M Saban Plumbing

A plumbing safety tip for your holiday trip.

The end of year is in sight and some of us are already planning those well deserved holidays. Besides this planning of your trip, you also need to safeguard your possessions which your will be leaving behind. That is if you do not want any nasty surprises when you return.

Well we all know about having someone watch over your house; feeding the dog; removing the mail., etc. But what about unexpected plumbing problems that may occur like a burst geyser.

Geysers use thermostats to regulate water temperature, switching off the element when the maximum temperature is reached. The problem arises when the thermostat gives in. In this case the water reaches excessive temperatures which can cause a valve to burst.

Grief with Geysers

1. Geysers do leak a bit through the pressure relieve valve overflow pipe. This is normal as the water heats and cools. Anything more than a couple of litres per day (up to 8 litres on a “busy” geyser) often points to afaulty pressure control valve. This should be replaced if you note a steady flow rather than dripping.

2. Poor hot water pressure could be a number of things. Most often blocked pipes, faulty pressure valve or an old low pressure geyser (100Kpa Latco type). It’s best to ask Saban Plumbers to  evaluate the problem. It will be done as a quote if you are in our area, so there is no charge.

3. Hot water and steam coming out of a overflow pipe. This may indicate a release of the safety valve because of excessive temperature (or pressure). The most common cause is a stuck/faulty thermostat. This is a serious situation that must be attended to immediately. Switch off the geyser until its fixed.

4. Boiling geyser. Faulty thermostat. Switch off until it’s fixed. A faulty thermostat is prone (by design) to fault in the open or “off” position. In this case you just dont get any hot water. Sometimes it faults in the “on” position any the water will eventually boil. A dangerous situation that must be attended to immediatly. Switch the geyser OFF until the thermostat is replaced! See Geyser Safety .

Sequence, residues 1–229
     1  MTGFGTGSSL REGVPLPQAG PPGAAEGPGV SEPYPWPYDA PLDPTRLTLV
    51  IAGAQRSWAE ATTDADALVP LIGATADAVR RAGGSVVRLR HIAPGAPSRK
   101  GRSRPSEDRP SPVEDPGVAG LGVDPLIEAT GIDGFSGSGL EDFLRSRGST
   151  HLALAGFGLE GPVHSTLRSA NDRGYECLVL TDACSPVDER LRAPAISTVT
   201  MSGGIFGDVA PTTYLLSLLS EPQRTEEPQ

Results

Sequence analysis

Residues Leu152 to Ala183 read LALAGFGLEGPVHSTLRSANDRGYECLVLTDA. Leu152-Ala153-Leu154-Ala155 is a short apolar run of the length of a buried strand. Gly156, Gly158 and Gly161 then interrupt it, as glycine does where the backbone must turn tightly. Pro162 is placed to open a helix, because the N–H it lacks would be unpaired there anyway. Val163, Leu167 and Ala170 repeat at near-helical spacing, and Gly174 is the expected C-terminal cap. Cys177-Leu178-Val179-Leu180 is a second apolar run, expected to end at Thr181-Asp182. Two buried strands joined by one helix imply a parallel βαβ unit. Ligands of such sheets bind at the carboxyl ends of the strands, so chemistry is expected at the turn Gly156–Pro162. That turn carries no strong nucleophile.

5. Water coming out the ceiling –   if your geyser should burst or spring a major leak, switch off the water supply and open a hot tap to relieve pressure. Remember to switch the geyser OFF on the distribution (DB) board. If you know where the tap is that supplies the geyser (often close to it) then you should rather switch that tap off. You will then still have water to the rest of the house. Call a plumber to investigate. Call your insurance company!

6. Hot water coming out the cold tap during a water supply failure. This is because the geyser is not installed correctly. Don’t allow the geyser to drain dry without switching it off. This is potentially dangerous for smaller children (and plumbers!) and should be fixed.

7. No hot water. Check the geyser circuit breaker. If it’s tripped you should reset it once. If it trips again call an electrician or plumber to investigate the cause. If there is power to the geyser then it is either the element or the thermostat. Remember that you should always replace a faulty element and thermostat together, but only the thermostat by itself  if it’s only  the thermostat fails.

8. Not enough hot water or water not hot enough. Setting on the thermostat too low or geyser too small. Move the setting to 65 degrees. Geysers calcify over time and it may need to be replaced. Modern geysers work better than the old ones. It is not recommended that you run the geyser at it’s highest setting!

So out tip for your holiday trip is simple, switch off your geyser at the circuit breaker (electricity box) when going on a holiday.

Author: Lee Brandt

From http://www.blockbusterdrain.co.za

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